Category Archives: Cyber Risk

computer crime

Lessons in Cyber-Hygiene: How John Podesta was Caught by Phishing

Instead of a Hollywood-style cyberattack into an underground bank of highly secure servers, it appears Hillary Clinton’s campaign chairman John Podesta fell victim to a run-of-the-mill phishing email appearing to come from Google. On March 19, 2016, Podesta received an alarming email to his Gmail account indicating someone had accessed his account, inviting Podesta to click on a Bitly URL (a service providing shortlinks, or smaller URL addresses) pointing to a longer URL that looked like a Google link. According to Bitly’s statistics, the URL…

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Lessons in Cyber-Hygiene: Securing Employee Passwords

The human element remains a significant threat vector for institutions of all sizes, and management is well advised to take proactive steps to educate and implement effective “cyber-hygiene” policies for all employees to minimize the risks associated the range of social engineering tactics, from phishing to inadvertent disclosures, as well as curb the opportunities for plain old mistakes. The area of password protection is among the most obvious areas for improvement in the world of cyber-hygiene. In a recent survey of 750 IT administrators and…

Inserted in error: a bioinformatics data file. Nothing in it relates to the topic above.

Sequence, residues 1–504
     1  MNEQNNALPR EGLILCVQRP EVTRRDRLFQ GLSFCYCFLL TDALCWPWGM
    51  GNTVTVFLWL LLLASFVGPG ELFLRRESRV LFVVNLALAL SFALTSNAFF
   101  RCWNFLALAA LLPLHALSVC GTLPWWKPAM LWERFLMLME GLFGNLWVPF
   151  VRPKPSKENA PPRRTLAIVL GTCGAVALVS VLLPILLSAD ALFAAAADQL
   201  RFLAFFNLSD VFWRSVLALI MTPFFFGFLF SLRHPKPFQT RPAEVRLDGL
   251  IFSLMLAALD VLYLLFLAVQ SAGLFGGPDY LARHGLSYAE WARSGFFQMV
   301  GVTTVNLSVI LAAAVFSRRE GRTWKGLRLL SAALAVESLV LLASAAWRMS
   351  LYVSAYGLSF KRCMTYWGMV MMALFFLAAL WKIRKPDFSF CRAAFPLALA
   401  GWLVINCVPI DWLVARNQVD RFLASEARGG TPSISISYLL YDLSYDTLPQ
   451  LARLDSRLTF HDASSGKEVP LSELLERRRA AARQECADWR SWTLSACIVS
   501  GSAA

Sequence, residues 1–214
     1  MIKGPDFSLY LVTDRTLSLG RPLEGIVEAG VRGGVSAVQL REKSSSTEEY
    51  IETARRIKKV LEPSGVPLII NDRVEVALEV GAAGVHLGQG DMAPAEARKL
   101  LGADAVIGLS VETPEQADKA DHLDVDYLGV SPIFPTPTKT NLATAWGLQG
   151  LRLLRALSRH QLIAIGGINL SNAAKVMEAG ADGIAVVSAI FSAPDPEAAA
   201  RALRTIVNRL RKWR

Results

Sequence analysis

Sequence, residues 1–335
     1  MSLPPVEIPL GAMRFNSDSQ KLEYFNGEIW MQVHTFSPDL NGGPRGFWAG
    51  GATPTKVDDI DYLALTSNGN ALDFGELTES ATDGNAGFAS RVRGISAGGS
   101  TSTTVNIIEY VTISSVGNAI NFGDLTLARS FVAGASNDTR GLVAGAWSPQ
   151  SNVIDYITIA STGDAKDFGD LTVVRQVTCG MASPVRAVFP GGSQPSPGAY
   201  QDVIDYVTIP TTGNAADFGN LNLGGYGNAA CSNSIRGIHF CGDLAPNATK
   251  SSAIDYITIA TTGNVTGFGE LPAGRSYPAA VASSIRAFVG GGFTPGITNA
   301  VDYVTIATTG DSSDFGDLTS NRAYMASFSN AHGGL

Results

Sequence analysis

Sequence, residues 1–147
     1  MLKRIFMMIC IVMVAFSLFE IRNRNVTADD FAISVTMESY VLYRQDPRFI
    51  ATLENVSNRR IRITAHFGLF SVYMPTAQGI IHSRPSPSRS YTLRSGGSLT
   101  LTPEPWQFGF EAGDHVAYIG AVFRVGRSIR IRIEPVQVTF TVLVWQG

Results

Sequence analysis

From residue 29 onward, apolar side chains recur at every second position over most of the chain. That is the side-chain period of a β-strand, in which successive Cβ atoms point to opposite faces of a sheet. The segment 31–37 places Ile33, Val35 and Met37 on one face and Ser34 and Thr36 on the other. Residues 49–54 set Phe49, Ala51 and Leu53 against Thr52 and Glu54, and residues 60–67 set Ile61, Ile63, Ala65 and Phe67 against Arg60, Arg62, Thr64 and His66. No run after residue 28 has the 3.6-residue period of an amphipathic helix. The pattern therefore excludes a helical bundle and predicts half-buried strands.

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Judge Rules No Standing to Pursue Fear Of “Hacker Harm”

Last week a judge in the Southern District of Illinois trimmed several claims from a class action complaint made against Chrysler and Harman International Industries stemming from a 2015 WIRED magazine article. The July 21, 2015 WIRED article described the author’s experience of being a “digital crash-test dummy, a willing subject on whom [two hackers] could test the car-hacking research they’d been doing over the past year.” Less than two weeks after the article was published, on August 4, 2015, the plaintiffs filed their class…